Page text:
“When I was approached by Kasra a couple years ago, I couldn’t get to grips with how massive of an opportunity it was to be asked to release with Critical. It still hasn’t sunk in even after two EP’s.  Critical true to the music and true to the roots from which this music came. There’s nothing quite like it in the scene. This is what I’ve tried to reflect in my record for the album. It’s dark. It’s gritty, it’s weird. It’s Critical.”


Sam Binga

“Critical as a whole, and Kasra in particular, have believed in me and indulged my ridiculous ideas consistently for the last 9 years. From demanding that Modulations finish its run by moving from classic minimalist black vinyl to the loudest, pinkest 10” imaginable (AYO with Redders) to bullying them into releasing an 8 track EP of what was essentially straight-up dancehall with Rider Shafique (the Champion EP), to forcing Badger to research custom scarves to go with the Skrrrrr EP, I have probably been nothing but a thorn in their side and an extreme inconvenience. I can only conclude they are both suckers for punishment, or that Critical needs me for tax write-off purposes. Either way is fine to be honest, as allows me to justify buying more pointless toys for the studio. Cheers lads!

“For my track on the Critical XX album, I continued my recent attempts to make actual ‘proper’ D&B, this time with my favourite MC in Bristol (and possibly the whole country), Emz. While I struggle to relate to the lyrics about ‘weights on my chest only time I’m on the bench’, as my gym game is sporadic at best and frankly embarrassing at worst, I’m a sucker for the second drop, as ‘I like gyal that buss a wine, I like gyal that bump and grind’ sounds like nothing but a good time for everyone involved. Big love to everyone who’s bought my tunes or seen me at Critical shows – it’s been wicked.”



“Critical for me was the first label that scratched the itch for something that had a bit more depth than the more ‘commercial’ stuff I was listening to when I just got into D&B. Ivy Lab’s Baby Grey and Emperor’s Mind Games were the tunes that got me into discovering the extensive catalogue of amazing music that Critical had released, which I gather a lot of inspiration from and has put a huge stamp on my own productions. I had a lot of fun making this tune and to be able to provide some honk to the 20 year existence of Critical Music has been very humbling.”



“Critical is not only influential, it is crucial to every facet of interaction we have with drum & bass. From being the futuristic tastemaker they’ve been and still are, to being the main outlet for our music, Critical has always been critical to us. (Pun intended) Their support and trust in our vision has pushed our career and creativity to new heights, something we’re truly grateful for. This tight-knit connection shows itself perfectly in our new track Half Awake on their 20 year anniversary VA, which embodies an ever-experimenting collaborative mindset of ‘going where it feels right’. Happy birthday Critical Music!”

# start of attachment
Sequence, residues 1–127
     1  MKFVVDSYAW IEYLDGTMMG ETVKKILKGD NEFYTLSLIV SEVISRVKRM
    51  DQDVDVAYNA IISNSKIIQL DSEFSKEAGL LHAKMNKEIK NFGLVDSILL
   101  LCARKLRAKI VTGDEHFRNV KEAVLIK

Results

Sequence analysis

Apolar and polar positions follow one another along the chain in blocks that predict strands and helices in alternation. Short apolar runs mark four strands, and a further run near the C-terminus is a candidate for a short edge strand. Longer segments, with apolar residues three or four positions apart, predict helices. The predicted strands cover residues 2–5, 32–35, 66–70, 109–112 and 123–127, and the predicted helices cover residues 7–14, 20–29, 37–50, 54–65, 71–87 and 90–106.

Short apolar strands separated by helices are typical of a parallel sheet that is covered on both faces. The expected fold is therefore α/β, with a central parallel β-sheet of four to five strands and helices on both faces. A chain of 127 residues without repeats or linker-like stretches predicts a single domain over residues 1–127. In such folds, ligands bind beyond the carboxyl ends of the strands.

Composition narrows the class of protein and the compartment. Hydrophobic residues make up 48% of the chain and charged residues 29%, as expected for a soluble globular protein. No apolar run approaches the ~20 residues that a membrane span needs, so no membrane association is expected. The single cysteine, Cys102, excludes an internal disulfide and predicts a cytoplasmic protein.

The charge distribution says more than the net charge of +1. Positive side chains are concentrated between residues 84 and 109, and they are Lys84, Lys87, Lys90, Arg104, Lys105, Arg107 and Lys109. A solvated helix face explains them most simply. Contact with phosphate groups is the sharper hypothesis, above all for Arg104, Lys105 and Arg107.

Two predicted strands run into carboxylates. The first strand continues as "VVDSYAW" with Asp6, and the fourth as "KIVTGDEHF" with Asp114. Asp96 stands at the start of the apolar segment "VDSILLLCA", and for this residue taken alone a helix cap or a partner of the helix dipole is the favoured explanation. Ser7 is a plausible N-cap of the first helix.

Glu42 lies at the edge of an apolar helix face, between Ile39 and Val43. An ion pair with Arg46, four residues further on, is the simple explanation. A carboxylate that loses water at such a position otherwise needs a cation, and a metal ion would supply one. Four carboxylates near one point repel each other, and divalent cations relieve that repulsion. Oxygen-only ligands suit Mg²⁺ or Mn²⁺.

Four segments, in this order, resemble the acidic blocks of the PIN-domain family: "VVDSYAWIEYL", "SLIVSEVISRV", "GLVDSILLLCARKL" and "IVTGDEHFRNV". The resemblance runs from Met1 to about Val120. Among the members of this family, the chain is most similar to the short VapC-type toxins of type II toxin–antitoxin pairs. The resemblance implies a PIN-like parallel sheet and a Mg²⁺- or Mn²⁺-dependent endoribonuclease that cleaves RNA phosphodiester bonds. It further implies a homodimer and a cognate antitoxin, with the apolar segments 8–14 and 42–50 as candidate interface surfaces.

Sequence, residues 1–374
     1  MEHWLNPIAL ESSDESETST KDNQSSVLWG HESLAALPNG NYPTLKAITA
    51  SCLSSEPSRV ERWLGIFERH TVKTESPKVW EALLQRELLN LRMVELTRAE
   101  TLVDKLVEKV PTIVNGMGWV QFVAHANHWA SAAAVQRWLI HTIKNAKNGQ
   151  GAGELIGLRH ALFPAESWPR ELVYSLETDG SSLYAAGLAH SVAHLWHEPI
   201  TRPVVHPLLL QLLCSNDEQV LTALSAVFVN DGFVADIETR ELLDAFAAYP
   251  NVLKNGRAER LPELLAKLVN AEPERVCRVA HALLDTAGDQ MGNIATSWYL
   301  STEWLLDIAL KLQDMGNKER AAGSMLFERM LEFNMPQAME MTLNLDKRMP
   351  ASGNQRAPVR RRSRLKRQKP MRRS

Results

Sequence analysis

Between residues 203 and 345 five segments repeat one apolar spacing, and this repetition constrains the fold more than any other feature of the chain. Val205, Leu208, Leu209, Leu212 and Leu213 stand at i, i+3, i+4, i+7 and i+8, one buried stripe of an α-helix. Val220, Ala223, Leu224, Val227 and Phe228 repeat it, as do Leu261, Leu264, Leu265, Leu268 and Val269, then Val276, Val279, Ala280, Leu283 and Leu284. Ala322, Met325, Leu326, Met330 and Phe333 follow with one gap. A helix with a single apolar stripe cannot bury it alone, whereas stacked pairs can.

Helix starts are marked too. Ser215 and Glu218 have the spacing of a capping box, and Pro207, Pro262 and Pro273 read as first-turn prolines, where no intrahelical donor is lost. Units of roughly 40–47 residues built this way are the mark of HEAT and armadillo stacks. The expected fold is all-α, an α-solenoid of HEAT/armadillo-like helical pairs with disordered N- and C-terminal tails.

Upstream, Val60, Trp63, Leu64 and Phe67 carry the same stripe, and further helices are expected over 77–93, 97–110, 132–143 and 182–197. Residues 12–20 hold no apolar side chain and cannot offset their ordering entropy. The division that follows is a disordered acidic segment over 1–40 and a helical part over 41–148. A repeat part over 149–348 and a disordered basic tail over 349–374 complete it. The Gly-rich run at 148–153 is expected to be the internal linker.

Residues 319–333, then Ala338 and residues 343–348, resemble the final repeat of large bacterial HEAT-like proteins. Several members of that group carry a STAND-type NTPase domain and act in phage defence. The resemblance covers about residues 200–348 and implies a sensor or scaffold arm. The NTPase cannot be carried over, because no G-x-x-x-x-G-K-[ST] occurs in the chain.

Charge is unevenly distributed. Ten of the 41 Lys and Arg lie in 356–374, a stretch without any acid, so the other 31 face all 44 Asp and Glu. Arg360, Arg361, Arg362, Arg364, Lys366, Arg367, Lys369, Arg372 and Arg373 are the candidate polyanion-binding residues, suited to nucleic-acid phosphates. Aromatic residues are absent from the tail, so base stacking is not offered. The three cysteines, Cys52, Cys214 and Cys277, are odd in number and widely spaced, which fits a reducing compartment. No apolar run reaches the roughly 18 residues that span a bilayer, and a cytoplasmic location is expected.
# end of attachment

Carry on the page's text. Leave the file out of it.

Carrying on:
“To be honest, I never foresaw Levela working with Critical back when I was heavily into the jump up sound and I’m sure anyone who followed my music pre-2018 would say the same. It was only after experimenting with new sounds in 2018 that Kasra asked me for some dubs for his DJ sets, the first batch of tracks I sent him ended up being my Cerebral EP, and so my new style had found a new home. A few years later and I’m now writing this about my 20th track released on Critical! It’s been a pleasure to work with such an influential label and learn about its rich history.

“Quasar was a demo I’d made after messing around time stretching and resampling classic hoover samples. I showed it to Kas and he asked if it could go on the 20 Year LP as there was nothing else on the album that sounded like it.”



“Out Board – A little off stepper I made by accident while making some new drums an thought it could only fit on this label,  it’s a different vibe to what I’d usually make but that’s the beauty of Critical it’s so open minded when it comes to the music it supports.”



“24rd came from a batch of tracks that was meant to be my first full length record. While things didn’t work out in its favor I still enjoyed some of those tracks a lot. When I wrote this tune I was struggling to find my place and sound in Drum and Bass, now I’m glad to say it’s found a home on a label that’s fueled my love for drum and bass for years. I am very thankful to be a part of this label and to be peers with the rest of the roster.”



“To be honest I’ve never actually realised how impactful Critical was on me. When looking through the discography tunes like Stonehead, Never Been, Mob Justice or Lost Hours, just to name a few, really shaped my love for drum and bass when I started out DJing. Back then I didn’t really look at the labels and seeing this now reminds me how much excellent music has come out of Critical. It is a huge honour to be a part of such a great team and I can’t wait to see what the future holds for this outstanding label. At the time of making this track I had a lot emotional baggage which had hung on me over the years. This tune felt like a turning point. Looking back at it, it just gave me the feeling of letting things go and looking into the future. Silky smooth chords with rolling drums – simplicity was key here.”